Journal of Geoscience and Environment Protection, 2014, 2, 84-88
Published Online April 2014 in SciRes. http://www.scirp.org/journal/gep
How to cite this paper: Xie, X. H. et al. (2014). Construction and Application of Engineered Bacteria for Bioaugmentation
Decolorization of Dyeing Wastewater: A Rev iew. Journal of Geoscience and Environment Protection, 2, 84-88.
Construction and Application of
Engineered Bacteria for Bioaugmentation
Decolorization of Dyeing Wastewater:
X. H. Xie*, N. Liu, H. Jiang, L. Y. Zhu
College of Environmental Science and Engineering, Donghua University, Shanghai, China
Email: *email@example.com, firstname.lastname@example.org
Received January 2014
With the development of dyeing wastewater treatment biotechnology, the advantages of bioaug-
mentation bacteria gradually catch people’s eyes. Therefore, its construction and application re-
search has also attracted the attention of the majority of scholars. This article summaries the con-
struction and application of bioaugmentation engineered bacteria used to treat dyeing wastewa-
ter in recent years, including the screening, domestication and application of single and mixed
flora bacteria. In addition, the impact of the strengthening effect of all genes is also described in
this paper. Finally, the optimization and promoted use of bioaugmentation bacteria are out
Bioaugmentation; Engineered Bacteria; Decolorization; Dyeing Wastewater
With the rapid development of the economy, the displacement of the printing and dyeing industry has increased
significantly. According to the incomplete statistics, annual emissions of printing and dyeing wastewater are
about 20 million tons, generally accounted for from 60% to 80% of the integrated discharge, which ranks fifth in
the country’s industrial wastewater emissions (Wang et al., 2012). Therefore, the treatments of industrial
wastewater are becoming more and more difficult. Dye used in printing and dyeing industry is mostly synthetic
dye. And the join of some new additives, PVA size etc makes printing and dyeing wastewater has the features of
large chromaticity, great ranges of COD changes, high alkalinity, poor biodegradability, big fluctuation of water
temperature and quantity.
In recent years, the application of biological strengthening technology in dying wastewater treatment attracts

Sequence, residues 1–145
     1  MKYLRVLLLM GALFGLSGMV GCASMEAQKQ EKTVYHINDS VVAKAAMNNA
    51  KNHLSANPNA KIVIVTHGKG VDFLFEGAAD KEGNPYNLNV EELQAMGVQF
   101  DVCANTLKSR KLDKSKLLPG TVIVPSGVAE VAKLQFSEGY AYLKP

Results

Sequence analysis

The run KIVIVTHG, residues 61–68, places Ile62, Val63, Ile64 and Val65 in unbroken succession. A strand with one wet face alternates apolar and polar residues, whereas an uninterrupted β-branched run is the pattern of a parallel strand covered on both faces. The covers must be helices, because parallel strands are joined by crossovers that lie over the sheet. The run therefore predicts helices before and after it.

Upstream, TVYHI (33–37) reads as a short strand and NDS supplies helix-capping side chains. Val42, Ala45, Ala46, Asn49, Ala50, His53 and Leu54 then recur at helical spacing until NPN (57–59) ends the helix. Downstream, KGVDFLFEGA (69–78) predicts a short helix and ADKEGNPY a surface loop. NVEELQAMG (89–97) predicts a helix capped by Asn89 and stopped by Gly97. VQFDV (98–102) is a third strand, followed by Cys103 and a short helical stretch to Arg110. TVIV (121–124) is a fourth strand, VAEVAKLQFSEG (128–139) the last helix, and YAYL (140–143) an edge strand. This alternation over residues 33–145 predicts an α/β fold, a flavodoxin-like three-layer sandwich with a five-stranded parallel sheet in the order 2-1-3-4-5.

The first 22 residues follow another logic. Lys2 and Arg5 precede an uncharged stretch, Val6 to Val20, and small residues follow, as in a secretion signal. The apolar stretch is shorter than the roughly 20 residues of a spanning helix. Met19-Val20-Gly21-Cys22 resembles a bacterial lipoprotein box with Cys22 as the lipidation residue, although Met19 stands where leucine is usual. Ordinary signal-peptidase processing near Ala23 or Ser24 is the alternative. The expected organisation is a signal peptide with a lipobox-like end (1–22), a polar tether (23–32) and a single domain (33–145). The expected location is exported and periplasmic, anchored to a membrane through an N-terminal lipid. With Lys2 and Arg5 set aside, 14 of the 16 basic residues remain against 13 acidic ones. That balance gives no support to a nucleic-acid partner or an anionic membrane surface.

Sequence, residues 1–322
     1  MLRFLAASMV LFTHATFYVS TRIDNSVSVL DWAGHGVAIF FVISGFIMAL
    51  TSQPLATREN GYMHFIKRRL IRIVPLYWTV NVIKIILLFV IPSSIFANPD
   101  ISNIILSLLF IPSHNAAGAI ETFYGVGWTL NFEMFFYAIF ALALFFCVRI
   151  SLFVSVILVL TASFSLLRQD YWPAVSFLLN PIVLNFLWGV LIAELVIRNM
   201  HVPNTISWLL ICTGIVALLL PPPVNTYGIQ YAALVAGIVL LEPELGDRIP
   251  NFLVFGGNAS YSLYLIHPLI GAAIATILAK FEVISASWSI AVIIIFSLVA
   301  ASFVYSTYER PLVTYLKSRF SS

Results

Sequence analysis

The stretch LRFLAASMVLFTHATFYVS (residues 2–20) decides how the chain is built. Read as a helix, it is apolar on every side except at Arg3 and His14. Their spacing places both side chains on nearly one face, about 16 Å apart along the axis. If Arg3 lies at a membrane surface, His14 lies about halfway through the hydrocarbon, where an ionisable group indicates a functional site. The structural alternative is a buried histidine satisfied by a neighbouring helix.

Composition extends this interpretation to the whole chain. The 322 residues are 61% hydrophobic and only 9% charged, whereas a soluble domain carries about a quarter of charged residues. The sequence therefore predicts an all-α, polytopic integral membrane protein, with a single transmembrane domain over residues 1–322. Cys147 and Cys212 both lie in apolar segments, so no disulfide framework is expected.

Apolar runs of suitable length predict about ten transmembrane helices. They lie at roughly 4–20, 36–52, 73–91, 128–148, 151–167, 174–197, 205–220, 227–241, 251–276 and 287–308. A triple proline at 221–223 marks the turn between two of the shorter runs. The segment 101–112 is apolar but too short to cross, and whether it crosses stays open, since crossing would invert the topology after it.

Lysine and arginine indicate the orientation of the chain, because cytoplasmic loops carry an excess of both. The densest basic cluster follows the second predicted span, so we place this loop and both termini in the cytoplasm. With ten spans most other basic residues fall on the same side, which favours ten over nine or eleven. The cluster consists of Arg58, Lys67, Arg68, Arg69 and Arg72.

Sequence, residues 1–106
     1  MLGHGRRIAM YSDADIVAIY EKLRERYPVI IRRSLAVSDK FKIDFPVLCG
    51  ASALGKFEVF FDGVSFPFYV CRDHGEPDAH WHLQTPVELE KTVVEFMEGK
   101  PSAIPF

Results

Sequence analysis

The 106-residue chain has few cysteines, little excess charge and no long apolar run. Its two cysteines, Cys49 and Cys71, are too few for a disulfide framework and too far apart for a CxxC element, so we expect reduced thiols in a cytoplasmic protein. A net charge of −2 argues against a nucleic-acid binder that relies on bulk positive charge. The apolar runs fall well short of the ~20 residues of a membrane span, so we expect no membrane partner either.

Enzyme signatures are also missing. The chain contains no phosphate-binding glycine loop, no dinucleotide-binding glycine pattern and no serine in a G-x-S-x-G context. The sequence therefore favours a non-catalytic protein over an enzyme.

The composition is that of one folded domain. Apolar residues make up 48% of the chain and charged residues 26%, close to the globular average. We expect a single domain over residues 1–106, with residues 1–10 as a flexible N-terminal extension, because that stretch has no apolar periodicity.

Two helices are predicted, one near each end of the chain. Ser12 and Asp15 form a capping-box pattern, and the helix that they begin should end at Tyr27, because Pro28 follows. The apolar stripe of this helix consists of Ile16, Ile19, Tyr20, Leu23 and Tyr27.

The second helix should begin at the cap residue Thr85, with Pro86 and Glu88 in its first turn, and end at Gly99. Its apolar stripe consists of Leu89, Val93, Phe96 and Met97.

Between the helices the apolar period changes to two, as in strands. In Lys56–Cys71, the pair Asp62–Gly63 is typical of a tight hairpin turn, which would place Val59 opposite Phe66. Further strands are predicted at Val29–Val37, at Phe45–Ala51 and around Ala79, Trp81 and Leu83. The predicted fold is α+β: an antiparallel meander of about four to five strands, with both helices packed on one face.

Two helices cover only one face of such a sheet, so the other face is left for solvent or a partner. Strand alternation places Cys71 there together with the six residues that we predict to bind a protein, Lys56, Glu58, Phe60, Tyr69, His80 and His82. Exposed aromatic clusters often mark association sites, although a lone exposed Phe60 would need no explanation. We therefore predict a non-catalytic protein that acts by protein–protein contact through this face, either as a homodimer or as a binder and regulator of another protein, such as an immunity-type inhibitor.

the eyes of many scholars, which refers to adding microbes with specific functions into the original biological
X. H. Xie et al.
treatment system in order to improve its treatment effect (Han, 1999). The use of strengthening bacteria in deal-
ing with other wastewater such as the wastewater containing pyridine and petrifaction also confirmed its power-
ful processing capability (Qiao et al., 2012; Ma et al., 2008), and the bacteria used in treating azo dye have got
some achievements, and its biological decolorizing research also had certain progress (Saratale et al., 2011;
Manjinder et al., 2005; Anjali et al., 2007; Song et al., 2003). The bioaugmentation engineered bacteria used in
the decolorization of printing and dyeing wastewater are more and more widely. Dosing microorganisms with
special degradation to the printing and dyeing wastewater treatment system can greatly increase the decoloriza-
tion effect of wastewater.
2. Engineered Bacteria and Its Construction for Bioaugmentation
Engineered bacteria can be divided into special engineered bacteria and generalized engineered bacteria. Special
engineered bacteria refer to separating certain target genes with various degrading properties, and then obtain
various degradative effects within it through gene operations that can degrade a variety of new types of organics.
However, generalized engineered bacteria is a mixed flora reasonably combined by the high efficiency degrada-
tion bacteria which were separated, screened and identified from natural environment, polluted environment and
treatment systems, and it can degrade various organics efficiently ( Ma et al., 2008), which leads to its widely
2.1. Genetic Engineered Bacteria
Constructing genetic engineered bacteria to deal with environmental issues is the front topics in environmental